How?

Simply be mindful of fragility – both actual and potential. Notice how many things do break – defined broadly – and notice how many more there are that could break and eventually will: “things” such as physical objects (e.g., cup, blouse, body, species, ecosystem, earth’s crust), relationships, projects, agreements, states of mind, lives, and societies.

Notice any discomfort with recognizing fragility. Be aware of the other tiles in the mosaic – such as stability, resilience, and repair – that can help you push through this discomfort. Appreciate that it is the fragility of things that often makes them most precious.

See the fragility of others, and their pains and losses related to all the things that have “broken” or could break for them. See the delicacy of their feelings, the sensitivities and vulnerabilities in their sense of worth or well-being. Let this knowing about others – both people you’re close to and those you’re not, even people who are difficult for you – open your heart to them. Knowing the fragility of others will naturally lead you away from being harsh or unkind to them.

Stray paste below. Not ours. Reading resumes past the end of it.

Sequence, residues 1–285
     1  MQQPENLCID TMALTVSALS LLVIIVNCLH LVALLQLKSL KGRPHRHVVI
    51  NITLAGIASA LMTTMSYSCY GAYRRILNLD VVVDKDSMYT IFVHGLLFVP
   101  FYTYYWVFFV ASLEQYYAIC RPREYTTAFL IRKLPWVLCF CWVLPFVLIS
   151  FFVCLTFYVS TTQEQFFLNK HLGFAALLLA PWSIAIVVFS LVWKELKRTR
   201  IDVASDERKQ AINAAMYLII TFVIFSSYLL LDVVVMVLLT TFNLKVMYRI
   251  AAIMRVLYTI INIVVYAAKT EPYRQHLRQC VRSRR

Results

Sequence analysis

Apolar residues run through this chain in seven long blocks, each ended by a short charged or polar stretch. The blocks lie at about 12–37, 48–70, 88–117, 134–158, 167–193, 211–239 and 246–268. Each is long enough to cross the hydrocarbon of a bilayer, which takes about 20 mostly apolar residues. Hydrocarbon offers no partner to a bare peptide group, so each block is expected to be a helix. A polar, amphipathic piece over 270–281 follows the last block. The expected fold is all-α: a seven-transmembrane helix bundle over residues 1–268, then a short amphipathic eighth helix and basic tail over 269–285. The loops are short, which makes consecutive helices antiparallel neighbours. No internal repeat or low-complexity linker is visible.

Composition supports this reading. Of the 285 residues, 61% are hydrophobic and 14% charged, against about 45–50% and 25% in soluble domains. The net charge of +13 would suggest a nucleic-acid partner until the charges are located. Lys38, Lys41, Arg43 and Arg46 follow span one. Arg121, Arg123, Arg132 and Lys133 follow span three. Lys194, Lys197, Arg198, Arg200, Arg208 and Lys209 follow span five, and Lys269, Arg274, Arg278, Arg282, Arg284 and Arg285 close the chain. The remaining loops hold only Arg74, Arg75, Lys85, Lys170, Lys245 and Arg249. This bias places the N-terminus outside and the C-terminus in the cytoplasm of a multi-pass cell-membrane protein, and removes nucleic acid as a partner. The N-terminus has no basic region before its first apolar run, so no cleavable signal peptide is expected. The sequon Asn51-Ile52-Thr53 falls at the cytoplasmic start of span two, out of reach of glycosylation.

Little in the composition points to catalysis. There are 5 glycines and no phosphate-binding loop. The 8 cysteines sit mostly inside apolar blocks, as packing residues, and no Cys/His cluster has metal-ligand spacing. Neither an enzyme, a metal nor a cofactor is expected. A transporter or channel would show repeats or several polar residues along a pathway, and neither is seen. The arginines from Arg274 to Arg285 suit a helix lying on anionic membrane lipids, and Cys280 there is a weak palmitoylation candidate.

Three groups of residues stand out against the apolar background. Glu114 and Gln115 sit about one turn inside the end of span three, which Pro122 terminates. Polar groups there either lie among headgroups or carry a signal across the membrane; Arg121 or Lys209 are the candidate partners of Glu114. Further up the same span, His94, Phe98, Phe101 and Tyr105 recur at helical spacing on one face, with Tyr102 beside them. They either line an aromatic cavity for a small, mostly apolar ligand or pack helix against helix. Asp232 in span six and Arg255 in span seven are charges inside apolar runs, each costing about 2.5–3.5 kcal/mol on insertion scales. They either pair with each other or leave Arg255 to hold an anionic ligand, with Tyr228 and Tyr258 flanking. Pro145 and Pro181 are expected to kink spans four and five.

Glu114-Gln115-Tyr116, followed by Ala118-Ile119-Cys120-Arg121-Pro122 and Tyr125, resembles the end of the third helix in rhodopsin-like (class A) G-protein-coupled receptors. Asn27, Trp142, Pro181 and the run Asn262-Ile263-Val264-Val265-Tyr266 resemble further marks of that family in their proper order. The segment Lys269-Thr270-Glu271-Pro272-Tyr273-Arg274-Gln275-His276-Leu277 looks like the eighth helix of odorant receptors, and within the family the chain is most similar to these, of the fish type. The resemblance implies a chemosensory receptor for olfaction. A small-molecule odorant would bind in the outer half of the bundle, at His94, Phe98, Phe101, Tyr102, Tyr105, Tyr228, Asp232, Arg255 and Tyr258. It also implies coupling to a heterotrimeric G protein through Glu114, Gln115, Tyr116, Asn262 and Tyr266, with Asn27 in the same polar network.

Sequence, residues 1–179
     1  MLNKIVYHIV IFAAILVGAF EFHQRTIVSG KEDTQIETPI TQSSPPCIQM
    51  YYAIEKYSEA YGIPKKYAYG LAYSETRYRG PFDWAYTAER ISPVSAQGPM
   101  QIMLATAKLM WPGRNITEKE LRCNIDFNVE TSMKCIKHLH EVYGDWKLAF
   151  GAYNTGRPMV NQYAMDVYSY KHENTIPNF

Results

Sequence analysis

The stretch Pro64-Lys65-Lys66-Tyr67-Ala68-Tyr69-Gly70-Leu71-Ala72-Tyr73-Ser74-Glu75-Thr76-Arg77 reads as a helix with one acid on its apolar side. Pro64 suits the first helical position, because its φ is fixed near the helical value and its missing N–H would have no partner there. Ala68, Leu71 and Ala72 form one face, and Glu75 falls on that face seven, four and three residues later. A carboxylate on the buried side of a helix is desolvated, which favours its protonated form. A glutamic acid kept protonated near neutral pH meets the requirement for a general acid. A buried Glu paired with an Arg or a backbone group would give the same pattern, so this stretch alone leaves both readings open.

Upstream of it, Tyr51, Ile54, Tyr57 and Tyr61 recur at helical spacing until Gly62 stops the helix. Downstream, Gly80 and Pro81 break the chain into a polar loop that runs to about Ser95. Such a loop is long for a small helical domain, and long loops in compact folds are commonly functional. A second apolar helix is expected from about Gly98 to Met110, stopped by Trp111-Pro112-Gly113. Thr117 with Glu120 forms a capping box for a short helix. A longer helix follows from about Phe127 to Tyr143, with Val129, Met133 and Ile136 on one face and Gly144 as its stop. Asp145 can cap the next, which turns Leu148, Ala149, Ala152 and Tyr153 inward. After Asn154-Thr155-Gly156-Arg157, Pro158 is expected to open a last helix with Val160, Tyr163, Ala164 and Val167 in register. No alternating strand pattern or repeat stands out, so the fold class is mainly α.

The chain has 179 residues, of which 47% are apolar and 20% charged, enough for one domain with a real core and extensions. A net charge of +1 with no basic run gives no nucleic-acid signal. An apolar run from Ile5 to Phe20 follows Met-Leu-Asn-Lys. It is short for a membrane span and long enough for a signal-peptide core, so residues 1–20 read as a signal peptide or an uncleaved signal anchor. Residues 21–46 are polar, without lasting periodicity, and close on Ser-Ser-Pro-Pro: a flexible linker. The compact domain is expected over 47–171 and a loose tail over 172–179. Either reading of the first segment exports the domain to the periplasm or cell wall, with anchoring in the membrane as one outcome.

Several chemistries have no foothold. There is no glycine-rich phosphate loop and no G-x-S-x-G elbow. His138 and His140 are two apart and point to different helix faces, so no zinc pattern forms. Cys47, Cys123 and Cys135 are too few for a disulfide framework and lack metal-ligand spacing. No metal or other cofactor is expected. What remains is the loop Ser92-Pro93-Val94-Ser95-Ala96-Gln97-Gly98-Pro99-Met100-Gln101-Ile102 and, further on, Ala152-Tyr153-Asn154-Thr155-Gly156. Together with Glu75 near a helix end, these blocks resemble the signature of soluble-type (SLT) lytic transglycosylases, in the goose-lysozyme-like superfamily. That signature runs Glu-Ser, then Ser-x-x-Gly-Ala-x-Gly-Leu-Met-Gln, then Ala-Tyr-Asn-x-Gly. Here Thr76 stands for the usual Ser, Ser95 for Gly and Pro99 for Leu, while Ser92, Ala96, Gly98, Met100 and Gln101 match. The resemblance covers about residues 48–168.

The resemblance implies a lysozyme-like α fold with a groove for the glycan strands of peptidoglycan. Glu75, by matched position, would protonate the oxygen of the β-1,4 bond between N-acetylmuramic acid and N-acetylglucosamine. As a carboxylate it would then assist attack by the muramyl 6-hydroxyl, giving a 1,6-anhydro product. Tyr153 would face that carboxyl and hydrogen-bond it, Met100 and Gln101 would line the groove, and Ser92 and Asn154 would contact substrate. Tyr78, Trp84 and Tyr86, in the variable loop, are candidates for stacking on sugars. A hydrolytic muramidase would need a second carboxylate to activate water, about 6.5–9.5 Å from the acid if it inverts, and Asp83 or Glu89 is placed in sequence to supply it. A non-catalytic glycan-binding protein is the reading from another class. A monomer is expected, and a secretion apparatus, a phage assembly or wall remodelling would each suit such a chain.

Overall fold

See the brevity and flimsiness of your own life, and the fragility of your hopes and dreams: why wait another day to do all that you reasonably can to fulfill them?

Consider where you are unnecessarily fragile – perhaps too prickly about criticism, too vulnerable to a slumping mood, too prone to illness, too indebted, too isolated at work (or in life altogether), or too under-resourced in any significant area – and make a realistic plan for shoring these up. For example, I’ve been getting run-down and have realized I really need to make sleep a higher priority.

Do what’s in your heart about what’s fragile in our world – whether it’s an ailing elderly person next door or disaster victims across an ocean.

Ultimately, try to come to peace with the inevitable: all things fall apart, one way or another. Everything cracks. And yet there is something so beautiful about this part of the truth, as Leonard Cohen says much more eloquently than I can:

Ring the bells that still can ring
Forget your perfect offering
There is a crack in everything
That’s how the light gets in
That’s how the light gets in



Dr. Ramani Durvasula is a licensed clinical psychologist, author, and expert on the impact of toxic narcissism. She is a Professor of Psychology at California State University, Los Angeles, and also a Visiting Professor at the University of Johannesburg.